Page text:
HPV in Bowie, Greenbelt, and North Bethesda, MD
The human papillomavirus (HPV) is one of the most common sexually transmitted infections (STIs) in the US. While there are more than 100 strains, around 40 strains are spread through sexual contact. Some strains can cause cervical and other cancers, so catching and treating HPV early is of utmost importance to our Bowie, MD, OBGYN, and the Capital Women’s Care team.
What are the Symptoms of HPV?
Most people with HPV don’t experience symptoms, so you could have HPV and not even know it. Even high-risk HPV, which can lead to genital warts and certain cancers, won’t always present with symptoms. This is why keeping up with your annual gynecological exam and getting a regular pap test can help us detect abnormal cervical cells caused by HPV. While this doesn’t necessarily mean that you have cervical cancer, finding abnormal cells allows us to monitor your condition or treat it before it worsens. Just because you don’t experience symptoms doesn’t mean you can’t still infect others through sexual contact.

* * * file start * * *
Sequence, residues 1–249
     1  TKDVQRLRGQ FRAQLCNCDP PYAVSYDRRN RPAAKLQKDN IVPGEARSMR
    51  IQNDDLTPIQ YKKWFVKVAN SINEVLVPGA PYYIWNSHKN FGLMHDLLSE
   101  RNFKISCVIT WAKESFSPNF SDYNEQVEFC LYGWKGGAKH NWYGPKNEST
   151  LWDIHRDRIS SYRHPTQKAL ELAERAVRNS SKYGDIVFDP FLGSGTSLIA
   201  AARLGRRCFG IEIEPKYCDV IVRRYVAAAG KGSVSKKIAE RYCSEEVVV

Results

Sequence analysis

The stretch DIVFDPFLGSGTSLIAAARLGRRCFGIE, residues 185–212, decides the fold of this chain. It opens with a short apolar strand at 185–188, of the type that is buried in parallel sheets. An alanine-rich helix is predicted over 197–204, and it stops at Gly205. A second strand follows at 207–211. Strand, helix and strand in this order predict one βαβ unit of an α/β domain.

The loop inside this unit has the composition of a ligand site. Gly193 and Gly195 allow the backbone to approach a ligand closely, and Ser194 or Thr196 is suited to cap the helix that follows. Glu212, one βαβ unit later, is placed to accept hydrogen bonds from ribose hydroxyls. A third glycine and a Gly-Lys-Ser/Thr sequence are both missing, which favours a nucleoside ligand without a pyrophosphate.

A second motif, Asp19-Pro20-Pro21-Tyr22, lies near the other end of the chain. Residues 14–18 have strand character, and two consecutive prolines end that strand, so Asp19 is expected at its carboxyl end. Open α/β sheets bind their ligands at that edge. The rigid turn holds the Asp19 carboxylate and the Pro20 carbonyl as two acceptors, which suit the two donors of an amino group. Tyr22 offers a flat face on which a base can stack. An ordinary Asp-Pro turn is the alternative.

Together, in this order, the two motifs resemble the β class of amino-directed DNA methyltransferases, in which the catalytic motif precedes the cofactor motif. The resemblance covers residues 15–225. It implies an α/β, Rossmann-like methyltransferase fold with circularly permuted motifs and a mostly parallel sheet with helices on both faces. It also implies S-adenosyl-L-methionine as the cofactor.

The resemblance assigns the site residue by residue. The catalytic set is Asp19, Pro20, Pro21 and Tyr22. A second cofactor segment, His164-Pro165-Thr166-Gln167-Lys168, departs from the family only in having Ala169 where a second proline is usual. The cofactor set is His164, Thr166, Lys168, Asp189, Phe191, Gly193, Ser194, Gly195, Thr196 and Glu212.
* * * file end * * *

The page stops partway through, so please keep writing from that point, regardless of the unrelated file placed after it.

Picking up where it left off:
How is HPV Treated?
Most types of HPV will indeed go away over time without treatment. Your body will eventually clear the virus, but it can take a couple of years; however, we can often treat the symptoms associated with certain strains of HPV. For example, if we detect any abnormal cell changes in the cervix that could turn into cancer, we can continue to monitor you with regular Pap tests to ensure that it doesn’t turn into cancer. Abnormal cells may be frozen away or burned away with a laser. Genital warts are often treated with a topical medication that kills the tissue; however, methods used to treat traditional warts, such as freezing, can also be used to treat genital warts.
Can HPV be Prevented?
The good news is that HPV can be prevented by getting vaccinated. The HPV vaccine can protect against the strains that can cause genital warts and cancer. HPV vaccines are recommended for children between the ages of 9-12. Getting kids vaccinated early can protect them for the future. Teens and young adults 13-26 may also consider getting vaccinated. The HPV vaccine is not typically recommended for those over 26 years old.